The world, of course, pulls us toward lawlessness; it may be happy enough to deal with “spirituality,” but only with all sense of obligation removed—it wants nothing to do with “religion.” Some churches go that way, too, drawn by the culture; the rest of the church, though, tends to call them “liberal” and react against them, which has the unfortunate tendency to pitch us into legalism. To be sure, the legalism of our own day and age tends to look rather different on the surface than the legalism of days gone by, but it’s the same underneath; as the Nashville pastor and writer Jared Wilson puts it, “the smiling face that self-help ‘Christianity’ puts on evangelicalism claims to be setting followers free from rules and judgmental religion. But really, by making discipleship about helpful hints and positive power for successful living, it’s really just making a works religion in our new image. In an odd twist, the Oprah-ization of the faith is really just optimistic legalism. Because what is Pharisaical legalism, really, but self-help with bad p.r.?” And as Jared continues, there are a lot of people who love this, because “they want to be told religion is not about rules and regulations while at the same time being told each week which four steps (with helpful alliteration) they need to do in order to achieve maximum what-have-you. They want to be reassured that works don’t merit salvation while at the same time convinced salvation is about trying really hard to do things that unlock the power or secret of God’s such-and-such.”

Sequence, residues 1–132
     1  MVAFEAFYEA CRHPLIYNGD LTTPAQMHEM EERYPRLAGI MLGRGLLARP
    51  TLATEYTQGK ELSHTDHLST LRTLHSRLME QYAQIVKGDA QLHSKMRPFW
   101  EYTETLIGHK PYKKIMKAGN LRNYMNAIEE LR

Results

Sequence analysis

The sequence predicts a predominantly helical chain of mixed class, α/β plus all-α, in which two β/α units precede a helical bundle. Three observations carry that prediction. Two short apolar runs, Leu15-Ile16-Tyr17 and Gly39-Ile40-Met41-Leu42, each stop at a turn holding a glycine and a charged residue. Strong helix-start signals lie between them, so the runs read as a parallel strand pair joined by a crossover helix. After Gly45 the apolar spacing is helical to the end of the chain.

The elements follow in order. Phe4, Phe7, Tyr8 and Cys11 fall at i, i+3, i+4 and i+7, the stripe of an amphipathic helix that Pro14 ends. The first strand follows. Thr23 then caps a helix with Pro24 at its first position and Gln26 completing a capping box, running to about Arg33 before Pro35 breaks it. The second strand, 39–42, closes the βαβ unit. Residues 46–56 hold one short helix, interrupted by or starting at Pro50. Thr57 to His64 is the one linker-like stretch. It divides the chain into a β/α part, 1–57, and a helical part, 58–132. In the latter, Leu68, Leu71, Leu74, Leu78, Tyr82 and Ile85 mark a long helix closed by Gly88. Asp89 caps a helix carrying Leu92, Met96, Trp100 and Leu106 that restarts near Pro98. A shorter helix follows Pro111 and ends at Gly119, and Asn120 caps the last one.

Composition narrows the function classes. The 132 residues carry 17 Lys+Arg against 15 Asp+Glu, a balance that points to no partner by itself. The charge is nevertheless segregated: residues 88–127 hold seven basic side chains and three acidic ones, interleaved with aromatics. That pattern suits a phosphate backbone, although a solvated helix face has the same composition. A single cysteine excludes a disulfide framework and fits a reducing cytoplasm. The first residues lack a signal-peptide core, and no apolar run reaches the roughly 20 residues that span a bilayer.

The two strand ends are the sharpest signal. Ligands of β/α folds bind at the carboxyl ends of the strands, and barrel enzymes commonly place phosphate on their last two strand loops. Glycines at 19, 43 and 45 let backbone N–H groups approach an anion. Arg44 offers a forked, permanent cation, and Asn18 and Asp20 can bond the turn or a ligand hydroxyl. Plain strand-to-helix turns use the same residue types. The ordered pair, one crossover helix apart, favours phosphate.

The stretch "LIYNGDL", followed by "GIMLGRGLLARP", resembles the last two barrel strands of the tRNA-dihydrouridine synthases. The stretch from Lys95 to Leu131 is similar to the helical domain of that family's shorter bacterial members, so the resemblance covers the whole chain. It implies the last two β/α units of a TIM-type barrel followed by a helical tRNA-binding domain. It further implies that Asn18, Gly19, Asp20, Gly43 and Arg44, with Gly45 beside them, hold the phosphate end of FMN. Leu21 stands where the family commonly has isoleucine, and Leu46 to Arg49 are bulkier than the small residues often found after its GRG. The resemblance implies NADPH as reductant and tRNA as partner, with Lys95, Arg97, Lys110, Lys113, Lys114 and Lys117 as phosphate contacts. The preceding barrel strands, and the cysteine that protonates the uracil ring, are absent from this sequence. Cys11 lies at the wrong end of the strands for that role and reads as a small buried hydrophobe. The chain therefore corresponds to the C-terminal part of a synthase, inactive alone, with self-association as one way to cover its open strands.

What’s the appeal? Well, partly, it makes things simpler; if you have a list of things to do, then all you have to do is those things, and you’re home free. You can measure yourself against the list, and you know if you’re good enough; you can look at where you stand and where the line is, where the fence is, and know which side of it you’re on. And you know just how far you can push it without going over. Living by grace, you can’t do that; infinite gratitude calls for more than just a limited response. And partly, if it’s just a matter of doing this list of things, and you do do them all, then you can take the credit for that; you can point to them and to yourself and say, “Look at me, I did that. Am I not wonderful?” There’s plenty of room in legalism for ego-stroking; that might be why it’s such an appealing thing to preach, too, because you get to hold yourself up as the model for everyone else to follow. If you’re the sort of person who has it all together—or are good at looking like you have it all together—that can be a great way to attract followers, and attention, and praise, and build a big successful ministry. Like Groucho Marx said of sincerity, if you can fake that, you’ve got it made.